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Another Find My misfire leads to a raid on a suburban family's home

Apple's Find My

A pair of AirPods thrown from a stolen car led the Ste Parish SWAT Team -Louis broke down the front door of the Ferguson family home using a battering ram.

In May 2023, a St. Louis County SWAT raid broke down the door of the innocent Ferguson family. The chaotic incident at Brittany Shamili's home stemmed from a flawed search warrant based on inaccurate tracking of stolen AirPods.

A SWAT team expecting firearms related to a carjacking that occurred 12 hours earlier and 16 miles away found none. A friend of the carjacking victims said his AirPods were in the stolen car and that police were able to track them using Find My.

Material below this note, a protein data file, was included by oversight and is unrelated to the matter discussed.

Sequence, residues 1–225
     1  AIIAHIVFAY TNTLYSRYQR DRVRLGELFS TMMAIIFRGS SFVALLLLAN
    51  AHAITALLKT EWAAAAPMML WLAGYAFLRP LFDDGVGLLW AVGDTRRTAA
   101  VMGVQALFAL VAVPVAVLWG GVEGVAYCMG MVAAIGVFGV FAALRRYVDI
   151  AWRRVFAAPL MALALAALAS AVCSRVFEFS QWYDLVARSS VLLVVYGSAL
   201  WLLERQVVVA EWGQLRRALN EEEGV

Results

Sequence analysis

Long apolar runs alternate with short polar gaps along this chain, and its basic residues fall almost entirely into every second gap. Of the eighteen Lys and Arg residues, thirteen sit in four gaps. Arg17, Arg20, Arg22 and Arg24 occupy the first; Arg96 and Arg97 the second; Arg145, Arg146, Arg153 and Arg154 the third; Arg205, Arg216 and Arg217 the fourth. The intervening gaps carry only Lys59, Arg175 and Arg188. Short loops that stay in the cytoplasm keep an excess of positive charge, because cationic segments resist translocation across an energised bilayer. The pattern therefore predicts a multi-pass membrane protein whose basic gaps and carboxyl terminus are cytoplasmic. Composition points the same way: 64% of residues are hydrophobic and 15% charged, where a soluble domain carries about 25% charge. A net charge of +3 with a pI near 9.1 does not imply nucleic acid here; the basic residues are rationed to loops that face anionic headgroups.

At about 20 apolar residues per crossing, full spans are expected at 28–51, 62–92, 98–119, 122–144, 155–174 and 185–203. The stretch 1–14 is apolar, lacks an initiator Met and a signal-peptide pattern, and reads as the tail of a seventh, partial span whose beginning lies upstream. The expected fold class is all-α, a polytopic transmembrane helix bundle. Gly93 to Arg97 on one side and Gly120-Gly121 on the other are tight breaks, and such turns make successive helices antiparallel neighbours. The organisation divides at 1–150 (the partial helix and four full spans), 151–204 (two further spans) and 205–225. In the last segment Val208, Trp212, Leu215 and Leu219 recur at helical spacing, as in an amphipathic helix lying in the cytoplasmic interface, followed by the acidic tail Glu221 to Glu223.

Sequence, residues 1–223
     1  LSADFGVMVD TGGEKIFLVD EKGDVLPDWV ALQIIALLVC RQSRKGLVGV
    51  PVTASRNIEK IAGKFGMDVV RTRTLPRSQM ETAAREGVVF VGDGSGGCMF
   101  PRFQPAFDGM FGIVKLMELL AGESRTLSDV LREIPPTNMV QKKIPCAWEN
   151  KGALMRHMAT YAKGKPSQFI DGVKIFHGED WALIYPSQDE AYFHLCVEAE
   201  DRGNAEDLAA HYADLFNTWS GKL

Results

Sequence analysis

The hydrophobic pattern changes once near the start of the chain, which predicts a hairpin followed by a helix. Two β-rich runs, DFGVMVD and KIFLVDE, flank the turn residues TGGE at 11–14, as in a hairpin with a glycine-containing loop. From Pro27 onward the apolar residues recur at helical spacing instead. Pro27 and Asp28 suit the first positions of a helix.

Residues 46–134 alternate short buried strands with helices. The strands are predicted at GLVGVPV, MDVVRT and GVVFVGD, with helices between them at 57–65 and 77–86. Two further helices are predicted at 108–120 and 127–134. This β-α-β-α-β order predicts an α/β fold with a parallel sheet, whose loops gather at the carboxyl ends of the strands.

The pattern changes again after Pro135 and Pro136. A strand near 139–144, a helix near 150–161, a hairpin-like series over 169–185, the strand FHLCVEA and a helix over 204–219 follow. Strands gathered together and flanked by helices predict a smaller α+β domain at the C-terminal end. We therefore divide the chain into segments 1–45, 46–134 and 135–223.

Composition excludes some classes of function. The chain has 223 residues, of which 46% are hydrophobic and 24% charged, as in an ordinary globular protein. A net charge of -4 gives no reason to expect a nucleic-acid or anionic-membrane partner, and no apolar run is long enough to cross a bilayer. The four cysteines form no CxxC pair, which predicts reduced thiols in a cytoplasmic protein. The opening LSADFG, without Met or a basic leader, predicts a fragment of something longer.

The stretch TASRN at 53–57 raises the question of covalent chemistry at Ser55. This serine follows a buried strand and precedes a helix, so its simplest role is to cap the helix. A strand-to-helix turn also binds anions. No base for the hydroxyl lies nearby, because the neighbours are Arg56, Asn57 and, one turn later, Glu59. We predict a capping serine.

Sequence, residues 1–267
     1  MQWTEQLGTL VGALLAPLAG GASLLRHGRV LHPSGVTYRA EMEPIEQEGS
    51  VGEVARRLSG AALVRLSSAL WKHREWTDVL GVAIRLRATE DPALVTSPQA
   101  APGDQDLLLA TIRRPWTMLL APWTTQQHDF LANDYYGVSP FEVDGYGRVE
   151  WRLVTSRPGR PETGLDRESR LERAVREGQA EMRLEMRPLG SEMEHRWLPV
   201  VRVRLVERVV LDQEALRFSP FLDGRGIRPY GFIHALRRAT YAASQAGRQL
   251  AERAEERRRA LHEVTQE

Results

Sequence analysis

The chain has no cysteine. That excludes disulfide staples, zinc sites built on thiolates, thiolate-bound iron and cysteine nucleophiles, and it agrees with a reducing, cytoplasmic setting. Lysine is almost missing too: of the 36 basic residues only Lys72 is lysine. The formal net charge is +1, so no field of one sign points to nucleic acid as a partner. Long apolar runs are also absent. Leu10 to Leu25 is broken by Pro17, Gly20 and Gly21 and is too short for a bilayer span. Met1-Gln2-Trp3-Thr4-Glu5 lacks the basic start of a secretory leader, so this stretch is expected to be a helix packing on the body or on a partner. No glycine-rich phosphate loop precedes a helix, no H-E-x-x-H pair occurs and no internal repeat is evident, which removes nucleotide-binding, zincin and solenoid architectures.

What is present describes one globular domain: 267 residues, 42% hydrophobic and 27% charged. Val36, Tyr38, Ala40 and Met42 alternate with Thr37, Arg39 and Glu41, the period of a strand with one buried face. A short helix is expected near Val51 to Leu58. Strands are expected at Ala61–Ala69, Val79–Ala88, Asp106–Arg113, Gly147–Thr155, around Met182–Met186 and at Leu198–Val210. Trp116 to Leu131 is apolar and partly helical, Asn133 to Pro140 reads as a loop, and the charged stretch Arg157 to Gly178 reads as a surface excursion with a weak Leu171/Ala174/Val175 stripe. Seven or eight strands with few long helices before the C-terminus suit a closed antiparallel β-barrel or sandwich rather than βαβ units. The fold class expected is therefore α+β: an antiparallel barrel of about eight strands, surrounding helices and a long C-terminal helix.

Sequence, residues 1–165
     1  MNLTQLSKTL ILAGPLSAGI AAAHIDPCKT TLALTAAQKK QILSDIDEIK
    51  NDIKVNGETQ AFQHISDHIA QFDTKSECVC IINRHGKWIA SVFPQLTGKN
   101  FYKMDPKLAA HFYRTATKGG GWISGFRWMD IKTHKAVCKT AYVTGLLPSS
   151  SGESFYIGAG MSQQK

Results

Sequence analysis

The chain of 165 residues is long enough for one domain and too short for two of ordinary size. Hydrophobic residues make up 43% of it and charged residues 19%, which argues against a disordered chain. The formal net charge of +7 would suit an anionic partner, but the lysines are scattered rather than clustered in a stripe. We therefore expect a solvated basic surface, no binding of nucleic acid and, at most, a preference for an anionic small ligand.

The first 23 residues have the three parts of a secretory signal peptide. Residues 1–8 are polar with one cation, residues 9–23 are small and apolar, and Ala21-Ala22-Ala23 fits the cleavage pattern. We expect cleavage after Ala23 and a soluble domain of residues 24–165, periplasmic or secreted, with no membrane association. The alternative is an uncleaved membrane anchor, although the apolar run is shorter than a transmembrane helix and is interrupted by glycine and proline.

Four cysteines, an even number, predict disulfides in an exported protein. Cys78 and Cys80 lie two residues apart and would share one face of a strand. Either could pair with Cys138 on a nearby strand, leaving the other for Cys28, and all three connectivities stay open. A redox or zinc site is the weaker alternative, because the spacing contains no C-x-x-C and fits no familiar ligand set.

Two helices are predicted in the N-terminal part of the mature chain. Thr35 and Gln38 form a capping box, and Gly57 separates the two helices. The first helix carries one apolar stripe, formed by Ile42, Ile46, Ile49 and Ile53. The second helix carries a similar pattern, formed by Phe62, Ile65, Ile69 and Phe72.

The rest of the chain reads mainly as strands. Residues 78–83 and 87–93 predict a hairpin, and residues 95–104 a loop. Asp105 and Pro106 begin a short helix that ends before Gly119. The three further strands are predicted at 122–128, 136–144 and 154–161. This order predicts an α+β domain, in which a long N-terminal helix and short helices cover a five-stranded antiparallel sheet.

Once on the scene, a SWAT team searched the house. According to The Riverfront Times, one SWAT member punched a basketball-sized hole in the drywall and another crashed through a drop ceiling.

An hour and a half after the raid, the AirPods were found outside. It is likely that the hijackers found and planted the AirPods during their escape.

The family, represented by attorneys Bevis Schock and Erich Wieth, is suing for damages and questionable police tactics. Shock underscores concerns about the overuse of SWAT, emphasizing the need to balance officer safety with citizens' rights.

The lawsuit seeks to examine how police decide to use SWAT teams, challenging their tactics in non-threatening situations like this.

This is not the first time Find My has led to a SWAT raid on an innocent person. In January 2022, Denver SWAT teams raided the home of an elderly woman after Find My incorrectly identified her home as the location of a stolen iPhone. The woman won $3.76 million in compensation and damages.

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